March 14, 2023
CNAS Responds: AUKUS Optimal Pathway Announcement
Yesterday, March 13, 2023, President Biden, British Prime Minister Sunak, and Australian Prime Minister Albanese announced a pathway for Australia to acquire conventionally armed, nuclear-powered submarines (SSNs) under the Australia, United Kingdom, and United States (AUKUS) partnership. Following this announcement, CNAS experts analyze the potential impact of this decision and the strength of the AUKUS partnership generally.
All quotes may be used with attribution. To arrange an interview, email Cameron Edinburgh at firstname.lastname@example.org.
Lisa Curtis, Senior Fellow and Director, Indo-Pacific Security Program:
Yesterday’s announcement of the long-term plan to provide Australia with nuclear-powered submarines through the AUKUS initiative marks a pathbreaking milestone in the U.S. strategy to create a networked system of deterrence in the Indo-Pacific. By transferring this sensitive technology for the first time in 65 years, the Biden administration is acknowledging the critical role of Australia in helping to establish deterrence at a time of rising tensions between Washington and Beijing and when another authoritarian power (Russia) is acting recklessly by trying to change borders through sheer force in Europe. The AUKUS announcement follows on the heels of Japan’s pledges to enhance its own defense capabilities, including for counterstrike purposes, as well as an agreement for the United States to gain access to four additional military bases in the Philippines for logistics support and prepositioning of military stocks. All these moves combine to send an unmistakable message that the United States and its allies are prepared to stand up to military aggression in the Indo-Pacific.
Andrew Metrick, Fellow, Defense Program:
Yesterday’s AUKUS announcement signaled a major shift in U.S. thoughts and actions. Nuclear powered submarine technology has long been one of the holy grails of U.S. technology. The decision by the United States to collaborate with two of its closest allies ranks with the 1958 U.S.-U.K. Mutual Defense Agreement, setting the framework for U.S-U.K. nuclear weapons cooperation, and the 1946 UKUSA Agreement, commonly known as Five Eyes, in importance.
While positive and exciting, there is a major pitfall looming on the horizon. The industrial base supporting submarine production and maintenance is at, or very close to, its limit. It will be vital to expand these capacities over the coming years to meet Australian demand. Mitigating this problem will require two steps from the U.S. government. The first, the expansion of the submarine industrial base, is already underway.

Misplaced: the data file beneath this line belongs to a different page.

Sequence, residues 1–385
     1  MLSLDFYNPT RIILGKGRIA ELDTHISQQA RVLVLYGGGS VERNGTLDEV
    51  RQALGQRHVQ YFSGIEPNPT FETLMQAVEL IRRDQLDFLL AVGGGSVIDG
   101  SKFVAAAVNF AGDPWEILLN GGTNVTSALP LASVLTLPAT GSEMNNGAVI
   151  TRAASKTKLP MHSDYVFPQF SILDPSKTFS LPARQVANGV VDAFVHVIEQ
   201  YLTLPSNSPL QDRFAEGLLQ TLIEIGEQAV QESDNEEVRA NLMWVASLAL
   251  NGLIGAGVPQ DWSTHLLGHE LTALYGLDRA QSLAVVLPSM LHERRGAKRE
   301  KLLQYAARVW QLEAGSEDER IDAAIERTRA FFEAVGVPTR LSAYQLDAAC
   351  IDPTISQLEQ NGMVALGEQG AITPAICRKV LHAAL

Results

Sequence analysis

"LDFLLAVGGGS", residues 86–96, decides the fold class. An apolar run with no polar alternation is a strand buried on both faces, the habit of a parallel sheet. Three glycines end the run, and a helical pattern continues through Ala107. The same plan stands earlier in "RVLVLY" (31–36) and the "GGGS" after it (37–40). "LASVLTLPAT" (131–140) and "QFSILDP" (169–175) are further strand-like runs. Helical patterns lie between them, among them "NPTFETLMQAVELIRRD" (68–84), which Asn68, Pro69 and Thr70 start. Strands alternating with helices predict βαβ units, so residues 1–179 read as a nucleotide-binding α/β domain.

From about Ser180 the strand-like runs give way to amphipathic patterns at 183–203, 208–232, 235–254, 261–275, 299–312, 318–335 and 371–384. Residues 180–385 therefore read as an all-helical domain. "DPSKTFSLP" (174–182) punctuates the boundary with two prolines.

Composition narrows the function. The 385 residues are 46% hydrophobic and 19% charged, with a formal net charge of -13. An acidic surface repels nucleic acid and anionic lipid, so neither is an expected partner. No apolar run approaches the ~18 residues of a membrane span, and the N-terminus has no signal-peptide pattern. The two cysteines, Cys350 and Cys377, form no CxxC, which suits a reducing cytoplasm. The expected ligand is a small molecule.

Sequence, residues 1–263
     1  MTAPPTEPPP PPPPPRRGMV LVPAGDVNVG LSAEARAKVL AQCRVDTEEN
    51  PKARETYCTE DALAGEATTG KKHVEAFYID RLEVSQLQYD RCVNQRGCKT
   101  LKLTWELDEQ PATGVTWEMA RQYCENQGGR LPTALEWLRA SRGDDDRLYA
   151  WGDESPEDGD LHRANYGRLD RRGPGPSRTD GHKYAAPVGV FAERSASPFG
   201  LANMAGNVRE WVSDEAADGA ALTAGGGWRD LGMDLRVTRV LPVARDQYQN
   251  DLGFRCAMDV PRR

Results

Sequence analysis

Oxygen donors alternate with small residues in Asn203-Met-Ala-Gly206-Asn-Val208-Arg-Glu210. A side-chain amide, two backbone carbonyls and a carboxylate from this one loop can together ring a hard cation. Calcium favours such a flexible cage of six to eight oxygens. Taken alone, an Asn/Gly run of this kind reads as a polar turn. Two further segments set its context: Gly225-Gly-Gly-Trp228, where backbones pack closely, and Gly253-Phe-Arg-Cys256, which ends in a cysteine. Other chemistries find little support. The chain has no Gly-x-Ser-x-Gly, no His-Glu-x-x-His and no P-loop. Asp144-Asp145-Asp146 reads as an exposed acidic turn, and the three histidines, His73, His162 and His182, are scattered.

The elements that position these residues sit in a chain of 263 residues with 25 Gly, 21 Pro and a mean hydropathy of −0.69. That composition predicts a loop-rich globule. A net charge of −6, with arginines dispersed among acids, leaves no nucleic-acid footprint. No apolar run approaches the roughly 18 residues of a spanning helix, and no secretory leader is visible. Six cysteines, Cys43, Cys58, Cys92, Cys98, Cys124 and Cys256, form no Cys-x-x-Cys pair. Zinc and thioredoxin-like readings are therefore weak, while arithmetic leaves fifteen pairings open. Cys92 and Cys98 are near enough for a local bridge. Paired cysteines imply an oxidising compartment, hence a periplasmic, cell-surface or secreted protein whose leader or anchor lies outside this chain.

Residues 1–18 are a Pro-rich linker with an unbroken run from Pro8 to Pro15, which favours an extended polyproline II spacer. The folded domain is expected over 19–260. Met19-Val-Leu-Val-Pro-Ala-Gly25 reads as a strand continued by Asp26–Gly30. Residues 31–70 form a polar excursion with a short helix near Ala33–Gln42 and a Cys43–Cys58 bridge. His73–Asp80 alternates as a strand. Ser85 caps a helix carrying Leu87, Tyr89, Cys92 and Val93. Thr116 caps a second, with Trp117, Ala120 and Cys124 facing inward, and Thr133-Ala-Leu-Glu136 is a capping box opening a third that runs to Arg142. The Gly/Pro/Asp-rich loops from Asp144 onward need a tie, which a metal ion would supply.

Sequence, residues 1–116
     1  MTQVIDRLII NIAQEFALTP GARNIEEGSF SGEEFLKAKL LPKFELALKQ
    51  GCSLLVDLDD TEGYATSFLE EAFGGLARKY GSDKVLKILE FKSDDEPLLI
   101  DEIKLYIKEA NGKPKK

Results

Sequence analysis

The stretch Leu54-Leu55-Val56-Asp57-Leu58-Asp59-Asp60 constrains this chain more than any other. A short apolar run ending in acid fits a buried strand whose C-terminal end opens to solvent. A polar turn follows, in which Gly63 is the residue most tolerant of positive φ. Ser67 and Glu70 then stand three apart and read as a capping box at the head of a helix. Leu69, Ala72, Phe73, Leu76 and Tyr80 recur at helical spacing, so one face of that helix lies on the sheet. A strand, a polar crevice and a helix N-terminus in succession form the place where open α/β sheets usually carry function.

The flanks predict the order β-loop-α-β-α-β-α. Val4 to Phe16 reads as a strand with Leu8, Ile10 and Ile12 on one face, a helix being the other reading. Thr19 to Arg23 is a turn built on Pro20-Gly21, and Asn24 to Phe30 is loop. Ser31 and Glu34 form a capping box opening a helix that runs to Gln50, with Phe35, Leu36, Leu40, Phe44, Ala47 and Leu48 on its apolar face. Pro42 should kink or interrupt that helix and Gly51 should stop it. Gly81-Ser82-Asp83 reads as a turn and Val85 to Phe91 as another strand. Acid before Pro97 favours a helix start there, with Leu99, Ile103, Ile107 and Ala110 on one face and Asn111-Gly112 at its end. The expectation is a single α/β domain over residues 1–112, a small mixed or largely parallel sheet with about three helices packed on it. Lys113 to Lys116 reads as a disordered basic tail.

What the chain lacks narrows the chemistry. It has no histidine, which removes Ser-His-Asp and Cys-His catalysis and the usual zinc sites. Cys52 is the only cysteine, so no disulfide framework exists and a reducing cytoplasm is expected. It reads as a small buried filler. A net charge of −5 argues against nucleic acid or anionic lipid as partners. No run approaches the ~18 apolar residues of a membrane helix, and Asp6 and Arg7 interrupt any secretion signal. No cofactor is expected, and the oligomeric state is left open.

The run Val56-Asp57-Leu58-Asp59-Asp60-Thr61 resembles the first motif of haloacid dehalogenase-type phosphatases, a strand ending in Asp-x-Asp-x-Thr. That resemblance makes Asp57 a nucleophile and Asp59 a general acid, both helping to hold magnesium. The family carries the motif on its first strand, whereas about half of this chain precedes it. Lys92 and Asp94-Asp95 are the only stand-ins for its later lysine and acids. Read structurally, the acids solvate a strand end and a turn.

The second is sustaining the submarine industrial base following the sale of the Australian Virginia-class SSNs in the early 2030s. It would be wasteful to ramp up the industrial base and then immediately lose this hard built capacity. If the United States cannot sustain this scale, it should explore rapidly transitioning personnel between private yards responsible for production and public yards responsible for maintenance. AUKUS is ultimately an incredible net positive from an alliance and partnership perspective, but the United States must ensure a solid and sustainable industrial foundation.
Joshua Fitt, Associate Fellow, Indo-Pacific Security Program:
Yesterday’s landmark AUKUS announcement spelled out the partnership’s immense benefits to Indo-Pacific security in concrete terms for the first time. The timeline—which runs into the 2040s—may be long, but the initial phases will act as a stopgap until Australia is able to produce SSNs domestically.
Additionally, AUKUS isn’t happening in a vacuum. The convening in San Diego comes on the heels of several other “minilateral” tidings that bode well for the development of a U.S. Indo-Pacific security architecture which leverages a network of security ties, rather than relying on siloed bilateral relationships. While the Quad is not a security partnership, its activities that bolster maritime domain awareness and regional prosperity also support a free and open regional order. Furthermore, progress within the U.S.-Japan-ROK and U.S.-Japan-Philippines trilateral relationships show that allies and partners are committed to making strides toward strong implementation of integrated deterrence.
All CNAS experts are available for interviews. To arrange one, contact Cameron Edinburgh at email@example.com.